Forty-two new sites will be proposed for inscription on the UNESCO World Heritage List during the 29th session of the World Heritage Committee scheduled for July 10-17 at the International Convention Centre (ICC) in Durban, South Africa. Extensions will be proposed for nine already inscribed sites. UNESCO Director-General Koïchiro Matsuura will address the opening session, which is open to the press, at 4pm on July 10. The session will be presided by Themba Wakashe, South Africa’s Deputy Director-General for Heritage and National Archives.
This year, the Committee will review 28 cultural sites, 10 natural sites and 4 mixed sites presented by 44 countries: Albania, Armenia, Austria, Bahrain, Belarus, Belgium, Bosnia-Herzegovina, China, Chile, Colombia, Cuba, Czech Republic, Dominican Republic, Egypt, Estonia, Ethiopia, Finland, France, Gabon, Germany, Islamic Republic of Iran, Israel, Italy, Japan, Latvia, Lithuania, Malawi, Mauritania, Mexico, Nigeria, Norway, Panama, Paraguay, Republic of Moldavia, Republic of Tanzania Russian Federation, Slovakia, South Africa, Sweden, Switzerland, Thailand, Turkmenistan, United Kingdom, and Ukraine. The Committee will also examine the extension of nine sites already inscribed in nine countries: Belgium, France, India, Germany, Serbia-Montenegro, South Africa, Spain, United Kingdom and Ukraine.
Four countries, Bahrain, Bosnia-Herzegovina, Gabon and Republic of Moldova, could, for the first time, see one of their sites (or a site shared with other countries) join the World Heritage List.
On July 16, a special event, called Partners for Africa, will focus on Africa’s heritage and the action taken by UNESCO partners to safeguard it. Four subjects will be discussed in the course of the day: the credibility of the List, conservation of the sites, capacity-building and raising awareness among the public and youth.
Despite some progress, Africa is under-represented on the World Heritage List. In the past decade, the number of World Heritage sites in Africa rose from 68 to 100 with two thirds of these in sub-Saharan Africa. Currently, the continent has 64 cultural sites, 33 natural and 3 mixed sites on the List. Concerning the List of World Heritage in Danger, the number of African sites rose from 3 in 1994 to 17, including 12 natural sites, in 2004. These represent 49% of the sites in danger.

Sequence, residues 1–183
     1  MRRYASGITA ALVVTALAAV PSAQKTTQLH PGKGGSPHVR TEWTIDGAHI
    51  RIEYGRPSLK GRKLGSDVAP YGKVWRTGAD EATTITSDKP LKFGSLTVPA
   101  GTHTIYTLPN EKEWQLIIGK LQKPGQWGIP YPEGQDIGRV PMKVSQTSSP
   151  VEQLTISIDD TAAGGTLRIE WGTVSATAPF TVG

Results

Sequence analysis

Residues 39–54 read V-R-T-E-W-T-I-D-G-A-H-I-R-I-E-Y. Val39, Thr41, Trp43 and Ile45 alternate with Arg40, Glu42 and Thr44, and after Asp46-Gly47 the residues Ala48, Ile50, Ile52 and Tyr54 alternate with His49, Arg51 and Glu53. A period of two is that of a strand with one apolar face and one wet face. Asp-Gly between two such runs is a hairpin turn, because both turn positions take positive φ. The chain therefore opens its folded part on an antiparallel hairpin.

The Committee will also re-examine the 35 sites currently on the List of World Heritage in Danger. This concerns sites that face serious threat either from chemical or mining , pollution; pillaging; war; poorly managed tourism; poaching etc. The List includes the minaret and archaeological vestiges of Jam, Afghanistan and Timbuktu, Mali. One of the candidate sites for the World Heritage List could also be inscribed on the list of those in danger.
To date, the 1972 Convention on the Protection of the World Cultural and Natural Heritage protects 788 sites “of outstanding universal value” located in 134 States Parties and includes 611 cultural sites, 154 natural and 23 mixed sites. The Convention encourages international cooperation in order to safeguard this common heritage. A hundred and eighty members strong, it is one of the most ratified international tools. Parties commit to preserving sites on the World Heritage List as well as sites of national and regional importance, notably by providing an appropriate legal and regulatory framework.
The World Heritage Committee is comprised of representatives of 21 countries. Each year, the Committee adds new sites to the List. The sites are proposed by the States Parties. Applications are then reviewed by two consultative bodies: cultural sites by the International Council on Monuments and Sites (ICOMOS), and natural sites by the World Conservation Union (UICN). The International Centre for the Study of the Preservation and Conservation of Cultural Heritage (ICCROM) provides a further evaluation and also participates in the training of experts.
The World Heritage Committee is responsible for the implementation of the 1972 Convention. It examines reports on the state of conservation of the inscribed sites and asks States Parties to take measures when necessary. The Committee supervises the disbursement of over $2 million per year from the World Heritage Fund, aimed at emergency action, training of experts and encouraging technical cooperation. The Secretariat is ensured by the UNESCO World Heritage Centre.